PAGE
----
Betty (brown_betty) wrote,

Some thoughts on writing outside my experience

Recently, and not so recently, I've come across a couple of stories, or had them pointed out to me, within greater fandom, where the history or culture of marginalized groups was employed to make a story more exotic or interesting, with the result the story was offensive.

So I'm trying to think of how one can avoid this. Because on the one hand, I don't think we want stories all about white people in white-land steeped in white-culture, but on the other hand, dipping into someone else's culture for shiny colours to dab on one's story is problematic.

These are some guidelines I've tentatively put together for my own use. I'm indebted to many people on my friendslist for helping to articulate this, for challenging my assumptions, and for pointing out things I've overlooked. I'd appreciate anyone's critique or suggestions.

1. How easy is it for me to pass as white? How easy is it for my characters to pass as white?

I identify as, and am nearly universally identified as a white person. As a white person, I need to expend extra effort to be aware of things to which my privilege has made me oblivious. If my characters are read as white, then their actions in my story will be read in that context. Their power relationship with characters who do not read as white will be asymmetric by default.

2. Do I know anything about the culture or history in question? How much do I know?

I think this may be a case of a little knowledge being a dangerous thing: knowing a little is almost worse than knowing nothing, because one's odds of making reference to some important part of someone else's history or culture without fully understanding it are much greater. I'm not sure how much research or familiarity is necessary when using someone else's culture or history, but I'm pretty sure more is always better.

2. a) Where do I know it from?

One mechanism of oppression is control of narrative: history is written by the victors. I need to be really careful both not to perpetrate this, and not to rely on these sources when doing my research. Relying on H. Rider Haggard for information about the Bantu would be really bad. This is sort of like assuming you know all about New York because you've seen a lot of Friends.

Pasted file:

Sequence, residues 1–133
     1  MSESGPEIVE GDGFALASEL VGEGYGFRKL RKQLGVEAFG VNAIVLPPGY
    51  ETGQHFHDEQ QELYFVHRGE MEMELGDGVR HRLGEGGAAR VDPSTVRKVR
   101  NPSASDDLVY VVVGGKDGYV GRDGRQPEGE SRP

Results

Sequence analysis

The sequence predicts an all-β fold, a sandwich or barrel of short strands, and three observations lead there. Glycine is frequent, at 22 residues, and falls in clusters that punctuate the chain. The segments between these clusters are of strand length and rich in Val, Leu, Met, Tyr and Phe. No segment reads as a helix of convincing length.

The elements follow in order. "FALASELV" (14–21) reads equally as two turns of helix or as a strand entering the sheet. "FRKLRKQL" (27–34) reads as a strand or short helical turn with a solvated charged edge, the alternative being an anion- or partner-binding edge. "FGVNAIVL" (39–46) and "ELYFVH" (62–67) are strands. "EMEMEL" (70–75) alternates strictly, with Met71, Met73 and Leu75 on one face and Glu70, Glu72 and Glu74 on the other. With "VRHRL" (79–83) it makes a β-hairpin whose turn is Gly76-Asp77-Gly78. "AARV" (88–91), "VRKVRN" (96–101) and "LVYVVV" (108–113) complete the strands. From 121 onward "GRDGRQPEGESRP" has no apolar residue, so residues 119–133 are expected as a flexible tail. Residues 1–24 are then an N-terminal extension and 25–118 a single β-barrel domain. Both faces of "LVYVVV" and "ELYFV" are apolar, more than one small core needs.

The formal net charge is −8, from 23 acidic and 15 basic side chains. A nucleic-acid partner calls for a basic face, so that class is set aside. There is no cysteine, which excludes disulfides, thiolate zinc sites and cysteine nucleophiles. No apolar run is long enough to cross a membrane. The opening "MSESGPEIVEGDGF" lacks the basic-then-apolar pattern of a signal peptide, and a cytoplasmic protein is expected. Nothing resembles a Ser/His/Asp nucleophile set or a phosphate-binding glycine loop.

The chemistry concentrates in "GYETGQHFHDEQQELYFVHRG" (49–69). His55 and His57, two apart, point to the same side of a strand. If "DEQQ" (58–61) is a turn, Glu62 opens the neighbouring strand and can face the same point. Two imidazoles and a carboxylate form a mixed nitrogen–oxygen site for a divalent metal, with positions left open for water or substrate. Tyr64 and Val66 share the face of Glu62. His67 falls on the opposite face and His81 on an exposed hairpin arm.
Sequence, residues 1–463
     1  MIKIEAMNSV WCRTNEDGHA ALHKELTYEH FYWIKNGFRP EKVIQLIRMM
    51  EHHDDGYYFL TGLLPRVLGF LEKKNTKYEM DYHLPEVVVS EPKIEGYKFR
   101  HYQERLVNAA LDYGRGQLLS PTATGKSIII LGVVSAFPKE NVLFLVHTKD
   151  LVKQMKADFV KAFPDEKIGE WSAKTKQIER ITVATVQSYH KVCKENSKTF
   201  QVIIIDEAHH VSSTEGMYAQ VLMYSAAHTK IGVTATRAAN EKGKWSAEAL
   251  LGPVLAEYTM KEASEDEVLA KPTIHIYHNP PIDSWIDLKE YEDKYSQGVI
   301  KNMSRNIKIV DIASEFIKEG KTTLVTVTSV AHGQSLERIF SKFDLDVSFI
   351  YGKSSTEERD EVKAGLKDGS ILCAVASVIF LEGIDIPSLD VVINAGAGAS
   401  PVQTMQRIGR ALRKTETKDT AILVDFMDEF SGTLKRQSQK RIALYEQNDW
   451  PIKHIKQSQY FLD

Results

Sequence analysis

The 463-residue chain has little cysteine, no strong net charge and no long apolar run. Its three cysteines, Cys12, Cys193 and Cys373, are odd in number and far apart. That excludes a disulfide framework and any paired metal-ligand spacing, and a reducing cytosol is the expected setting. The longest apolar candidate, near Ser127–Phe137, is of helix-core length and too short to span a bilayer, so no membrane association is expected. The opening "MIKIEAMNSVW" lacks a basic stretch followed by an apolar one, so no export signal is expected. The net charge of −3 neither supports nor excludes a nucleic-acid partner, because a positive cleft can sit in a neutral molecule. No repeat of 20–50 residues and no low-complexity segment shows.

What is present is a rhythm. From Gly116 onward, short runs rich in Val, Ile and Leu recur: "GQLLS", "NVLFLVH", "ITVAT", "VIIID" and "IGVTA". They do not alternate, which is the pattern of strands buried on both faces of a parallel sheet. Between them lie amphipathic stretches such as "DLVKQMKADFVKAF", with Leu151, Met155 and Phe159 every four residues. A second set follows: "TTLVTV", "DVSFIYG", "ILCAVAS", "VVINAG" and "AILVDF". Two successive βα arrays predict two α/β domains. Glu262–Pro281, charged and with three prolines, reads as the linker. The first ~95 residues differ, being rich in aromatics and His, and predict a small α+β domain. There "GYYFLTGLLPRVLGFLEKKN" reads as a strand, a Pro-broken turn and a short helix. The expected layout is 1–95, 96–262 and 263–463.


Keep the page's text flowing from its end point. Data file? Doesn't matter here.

3. Does the culture/history belong to living people? Extra sensitivity is called for if those to whom the culture belongs might encounter one's work.

For example, dealing insensitively with HIV is probably more offensive than dealing insensitively with the Bubonic Plague, simply because the odds of someone reading my work who has had their lives personally affected HIV are non-zero, while the odds of someone reading my work who has had their lives affected by the Black Plague are-- well. I understand the bacteria still persists, but due to modern medicine need not be fatal, and does not generally achieve epidemic proportions.

4. Does the culture/history belong to a historically or presently marginalized group? If so, extra sensitivity is called for.

Doing badly with British culture isn't the atrocity that doing badly by First Nations cultures would be. British culture has been exported world-wide. First Nations cultures in Canada were actively suppressed, and attempts were made to destroy them entirely, by the ethnic group with which I identify and with which I am identified.

5. What function does the culture or history in question serve in my story? Is it a plot device, or a set-piece? Do the members of that culture come across as fully realized characters with histories and motivations apart from their interaction with the protagonist?

Obviously this is a bit subjective, but I guess I'm trying to get at the question of whether the story attempts to deal holistically and organically with the event/history/culture, or it attempts to invoke the event for its emotional connotations. The latter is to be avoided.

6. Is the tone, mood, or purpose of my story an appropriate tone or mood to adopt in dealing with the history or culture in question?

This is a bit trickier, because you know, I think The Producers adopts a pretty good tone for dealing with the third Reich! But perhaps this is because they don't deal with the Holocaust at all. In general, I'm pretty sure it's bad to invoke someone else's tragedy in a crack-fic.

6. b) Who is the intended audience for my work? Will the story read differently for those who are not the intended audience?

Unless you're distributing your story on stamped lead tablets, you can't really control who's reading it. My story could be read by people who I didn't expect to read it, maybe by members of the marginalized group in question, or maybe by people who are unfamiliar with me, and don't have any background knowledge of me that would influence their reading.

7. Am I prepared to deal with the possibility that I have, despite my efforts to the contrary, written an offensive work?

Because you know, I'm human, and I fuck up. Maybe I missed something in my research or just had a bad brain day. Can I deal with that like an adult and apologize?

Supplemental notes:
On censorship: Censorship is when a controlling group or body deletes or withholds information from the public. I am not a controlling group or body, although if you feel the need for some sort of dictator in your life, please apply to me in writing.

On writing: Writing the Other has come to me highly recommended, although I have not been able to check it out myself. Those interested may wish to look it up.
Tags: fandom, meta: writing

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